But the SCOTX is the court of last resort for civil matters only (the criminal matters go to the Court of Criminal Appeals), while the district courts are courts of general jurisdiction, even when they are assigned civil priority in multi-district counties, such as Harris County (which has multiple district courts each in the Civil, Criminal (felony), Family, and Juvenile divisions).

    So, the underlying theory probably is that the SCOTX exercises original mandamus jurisdiction because the underlying case is technically a civil case seeking injunctive & declaratory relief against state officials, even though what’s really at issue is the enforceability of a criminal law by criminal AND civil law enforcement officials (DAs, state regulators, and AG). But the stay doesn’t affect the DAs because they didn’t join as Relators in the mandamus to the SCOTX or file their own petition.

    As a practical matter, this dispute is now being punted back to the lower courts to address the jurisdiction issue next week, if not earlier, IN THE FIRST INSTANCE, rather than the SCOTX deciding it for them immediately. The grant of the TRO of course implies that the district court assumed or concluded that “it” (the judge is typically called an it, rather than a he/she/they) possessed jurisdiction over the controversy presented and that injunctive relief could therefore be granted (or denied for non-jurisdictional reasons, for that matter).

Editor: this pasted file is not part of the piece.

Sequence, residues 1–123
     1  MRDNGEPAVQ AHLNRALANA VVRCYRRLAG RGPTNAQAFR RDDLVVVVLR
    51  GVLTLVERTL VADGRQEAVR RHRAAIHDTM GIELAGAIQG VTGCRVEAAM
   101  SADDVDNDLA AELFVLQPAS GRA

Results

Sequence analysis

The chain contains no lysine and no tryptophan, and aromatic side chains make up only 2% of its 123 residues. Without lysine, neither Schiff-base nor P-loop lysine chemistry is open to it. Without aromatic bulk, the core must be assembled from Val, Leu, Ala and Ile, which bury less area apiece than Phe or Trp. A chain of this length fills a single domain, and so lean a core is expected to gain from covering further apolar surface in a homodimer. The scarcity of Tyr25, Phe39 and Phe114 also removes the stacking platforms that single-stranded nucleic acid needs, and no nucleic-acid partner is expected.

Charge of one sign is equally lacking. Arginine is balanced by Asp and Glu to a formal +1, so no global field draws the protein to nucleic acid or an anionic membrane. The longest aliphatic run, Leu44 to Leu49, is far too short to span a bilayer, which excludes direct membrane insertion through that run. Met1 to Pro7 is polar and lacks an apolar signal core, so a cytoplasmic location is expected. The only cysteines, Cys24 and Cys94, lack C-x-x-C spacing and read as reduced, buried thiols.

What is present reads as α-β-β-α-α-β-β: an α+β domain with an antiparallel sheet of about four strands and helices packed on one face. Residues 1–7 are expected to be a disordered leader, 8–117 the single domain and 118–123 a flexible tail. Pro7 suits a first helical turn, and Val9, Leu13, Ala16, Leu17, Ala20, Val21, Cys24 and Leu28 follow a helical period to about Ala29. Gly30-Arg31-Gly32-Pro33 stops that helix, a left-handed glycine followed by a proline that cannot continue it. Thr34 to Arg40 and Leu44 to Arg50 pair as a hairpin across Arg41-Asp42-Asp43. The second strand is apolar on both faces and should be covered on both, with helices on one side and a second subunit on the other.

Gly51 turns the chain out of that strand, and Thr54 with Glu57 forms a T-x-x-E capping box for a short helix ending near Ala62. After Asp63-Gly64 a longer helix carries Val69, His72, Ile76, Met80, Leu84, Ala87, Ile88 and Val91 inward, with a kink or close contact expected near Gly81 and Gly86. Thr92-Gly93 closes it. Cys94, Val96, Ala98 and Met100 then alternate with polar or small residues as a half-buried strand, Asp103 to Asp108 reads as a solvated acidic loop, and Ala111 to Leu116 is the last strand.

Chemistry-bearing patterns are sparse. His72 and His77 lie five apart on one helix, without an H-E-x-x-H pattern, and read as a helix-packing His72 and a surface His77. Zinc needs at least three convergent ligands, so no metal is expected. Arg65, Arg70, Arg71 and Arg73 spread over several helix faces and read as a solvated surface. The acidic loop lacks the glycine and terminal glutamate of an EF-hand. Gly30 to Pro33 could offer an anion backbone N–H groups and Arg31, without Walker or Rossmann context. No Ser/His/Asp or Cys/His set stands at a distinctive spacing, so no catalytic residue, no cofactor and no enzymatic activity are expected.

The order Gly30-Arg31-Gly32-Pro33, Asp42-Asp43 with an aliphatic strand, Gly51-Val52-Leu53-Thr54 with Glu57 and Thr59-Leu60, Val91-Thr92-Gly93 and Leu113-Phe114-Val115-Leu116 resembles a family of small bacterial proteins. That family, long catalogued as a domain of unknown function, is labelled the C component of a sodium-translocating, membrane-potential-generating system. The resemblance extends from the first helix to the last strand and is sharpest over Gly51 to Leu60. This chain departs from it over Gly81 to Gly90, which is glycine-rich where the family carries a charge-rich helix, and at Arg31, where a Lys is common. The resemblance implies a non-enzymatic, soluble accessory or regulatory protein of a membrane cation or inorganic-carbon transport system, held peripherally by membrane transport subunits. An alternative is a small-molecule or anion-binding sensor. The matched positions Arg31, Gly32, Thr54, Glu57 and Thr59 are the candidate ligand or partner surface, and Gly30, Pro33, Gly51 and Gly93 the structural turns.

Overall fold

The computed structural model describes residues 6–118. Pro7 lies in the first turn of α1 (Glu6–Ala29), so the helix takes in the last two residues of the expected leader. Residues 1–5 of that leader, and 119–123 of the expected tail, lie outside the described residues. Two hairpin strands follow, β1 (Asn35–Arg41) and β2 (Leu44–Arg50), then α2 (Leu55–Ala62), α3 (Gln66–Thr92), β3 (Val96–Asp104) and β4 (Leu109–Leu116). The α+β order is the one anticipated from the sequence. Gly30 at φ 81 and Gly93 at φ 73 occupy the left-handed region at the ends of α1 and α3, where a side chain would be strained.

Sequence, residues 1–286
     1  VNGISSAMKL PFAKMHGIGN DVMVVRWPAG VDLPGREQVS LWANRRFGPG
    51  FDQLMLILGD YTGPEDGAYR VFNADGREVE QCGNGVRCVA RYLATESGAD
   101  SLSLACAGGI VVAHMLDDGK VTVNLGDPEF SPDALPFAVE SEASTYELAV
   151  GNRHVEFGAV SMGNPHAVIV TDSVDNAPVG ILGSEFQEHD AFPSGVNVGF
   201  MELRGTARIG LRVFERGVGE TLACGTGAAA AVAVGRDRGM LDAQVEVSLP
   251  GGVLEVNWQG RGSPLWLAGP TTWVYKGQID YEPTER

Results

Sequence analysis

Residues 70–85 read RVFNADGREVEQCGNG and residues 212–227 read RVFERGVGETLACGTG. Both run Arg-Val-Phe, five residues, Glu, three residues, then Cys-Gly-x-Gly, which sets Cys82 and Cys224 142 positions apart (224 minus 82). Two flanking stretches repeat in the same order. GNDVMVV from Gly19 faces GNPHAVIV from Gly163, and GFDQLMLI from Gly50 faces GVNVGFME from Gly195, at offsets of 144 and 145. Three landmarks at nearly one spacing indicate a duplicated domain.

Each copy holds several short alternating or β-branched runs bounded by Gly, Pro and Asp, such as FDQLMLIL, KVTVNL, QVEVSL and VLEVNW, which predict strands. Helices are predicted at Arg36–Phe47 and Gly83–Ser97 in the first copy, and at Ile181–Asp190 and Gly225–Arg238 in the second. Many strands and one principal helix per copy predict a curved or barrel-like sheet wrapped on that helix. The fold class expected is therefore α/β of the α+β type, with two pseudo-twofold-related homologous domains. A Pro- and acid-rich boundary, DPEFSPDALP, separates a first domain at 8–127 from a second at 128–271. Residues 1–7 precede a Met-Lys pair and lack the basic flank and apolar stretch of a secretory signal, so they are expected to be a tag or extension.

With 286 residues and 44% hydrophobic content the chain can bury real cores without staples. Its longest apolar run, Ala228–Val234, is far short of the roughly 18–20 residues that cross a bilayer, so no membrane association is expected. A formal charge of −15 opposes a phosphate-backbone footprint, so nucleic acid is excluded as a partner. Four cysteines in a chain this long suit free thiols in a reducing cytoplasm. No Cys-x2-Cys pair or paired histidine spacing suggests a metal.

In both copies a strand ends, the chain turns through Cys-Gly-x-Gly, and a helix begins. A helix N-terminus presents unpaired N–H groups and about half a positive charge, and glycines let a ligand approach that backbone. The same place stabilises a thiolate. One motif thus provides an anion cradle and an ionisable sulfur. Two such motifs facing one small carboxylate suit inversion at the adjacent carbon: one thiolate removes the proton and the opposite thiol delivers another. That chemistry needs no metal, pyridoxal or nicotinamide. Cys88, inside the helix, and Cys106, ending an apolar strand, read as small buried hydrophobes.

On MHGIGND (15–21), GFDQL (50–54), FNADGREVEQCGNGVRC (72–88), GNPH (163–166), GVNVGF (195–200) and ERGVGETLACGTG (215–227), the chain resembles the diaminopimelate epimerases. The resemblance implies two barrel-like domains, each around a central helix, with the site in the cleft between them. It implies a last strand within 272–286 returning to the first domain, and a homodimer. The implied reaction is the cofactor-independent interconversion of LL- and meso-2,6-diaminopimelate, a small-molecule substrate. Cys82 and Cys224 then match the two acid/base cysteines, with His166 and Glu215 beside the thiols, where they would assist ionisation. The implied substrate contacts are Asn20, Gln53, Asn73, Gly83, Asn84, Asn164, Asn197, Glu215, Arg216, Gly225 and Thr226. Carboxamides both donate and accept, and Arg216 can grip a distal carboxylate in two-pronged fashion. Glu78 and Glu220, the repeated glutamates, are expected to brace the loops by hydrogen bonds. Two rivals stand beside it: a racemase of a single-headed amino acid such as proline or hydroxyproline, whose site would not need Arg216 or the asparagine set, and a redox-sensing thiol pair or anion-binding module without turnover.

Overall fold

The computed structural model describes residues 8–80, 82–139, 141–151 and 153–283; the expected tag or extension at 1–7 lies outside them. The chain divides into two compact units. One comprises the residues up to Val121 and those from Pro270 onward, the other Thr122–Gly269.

Lingo note:

    Relators = those seeking relief against the trial court judge in the higher court(s)
    Real Parties in Interest = opposing parties in whose favor the challenged order (here TRO) was granted, i.e. the plaintiffs.

    Other Defendants that did not go to the SCOTEX as Relators:

    Jose Garza, in his official capacity as District Attorney for Travis County
    Joe Gonzales, in his official capacity as District Attorney for Bexar County
    Kim Ogg, in his official capacity as District Attorney for Harris County
    John Creuzot, in his official capacity as District Attorney for Dallas County
    Sharon Wilson, in his official capacity as District Attorney for Tarrant County
    Ricardo Rodriguez, Jr., in his official capacity as District Attorney for Hidalgo
    Greg Wilson, in his official capacity as District Attorney for Collin County